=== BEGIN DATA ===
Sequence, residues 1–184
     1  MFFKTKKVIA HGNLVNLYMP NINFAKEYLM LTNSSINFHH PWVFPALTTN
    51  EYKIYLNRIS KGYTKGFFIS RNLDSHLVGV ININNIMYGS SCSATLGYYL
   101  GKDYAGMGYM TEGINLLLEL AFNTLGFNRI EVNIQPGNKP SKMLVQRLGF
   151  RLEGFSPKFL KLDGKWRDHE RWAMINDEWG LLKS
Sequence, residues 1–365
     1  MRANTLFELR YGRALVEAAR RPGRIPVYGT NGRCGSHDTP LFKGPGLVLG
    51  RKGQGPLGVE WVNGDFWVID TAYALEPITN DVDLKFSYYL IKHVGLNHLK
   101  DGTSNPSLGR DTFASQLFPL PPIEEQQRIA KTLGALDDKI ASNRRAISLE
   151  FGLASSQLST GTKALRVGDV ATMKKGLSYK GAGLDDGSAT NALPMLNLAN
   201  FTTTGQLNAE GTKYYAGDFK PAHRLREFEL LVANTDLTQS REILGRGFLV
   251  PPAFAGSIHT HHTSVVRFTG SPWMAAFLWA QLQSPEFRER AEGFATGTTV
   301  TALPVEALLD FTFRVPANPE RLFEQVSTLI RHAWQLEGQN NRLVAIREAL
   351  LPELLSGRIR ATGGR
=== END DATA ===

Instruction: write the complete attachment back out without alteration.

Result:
Sequence, residues 1–184
     1  MFFKTKKVIA HGNLVNLYMP NINFAKEYLM LTNSSINFHH PWVFPALTTN
    51  EYKIYLNRIS KGYTKGFFIS RNLDSHLVGV ININNIMYGS SCSATLGYYL
   101  GKDYAGMGYM TEGINLLLEL AFNTLGFNRI EVNIQPGNKP SKMLVQRLGF
   151  RLEGFSPKFL KLDGKWRDHE RWAMINDEWG LLKS
Sequence, residues 1–365
     1  MRANTLFELR YGRALVEAAR RPGRIPVYGT NGRCGSHDTP LFKGPGLVLG
    51  RKGQGPLGVE WVNGDFWVID TAYALEPITN DVDLKFSYYL IKHVGLNHLK
   101  DGTSNPSLGR DTFASQLFPL PPIEEQQRIA KTLGALDDKI ASNRRAISLE
   151  FGLASSQLST GTKALRVGDV ATMKKGLSYK GAGLDDGSAT NALPMLNLAN
   201  FTTTGQLNAE GTKYYAGDFK PAHRLREFEL LVANTDLTQS REILGRGFLV
   251  PPAFAGSIHT HHTSVVRFTG SPWMAAFLWA QLQSPEFRER AEGFATGTTV
   301  TALPVEALLD FTFRVPANPE RLFEQVSTLI RHAWQLEGQN NRLVAIREAL
   351  LPELLSGRIR ATGGR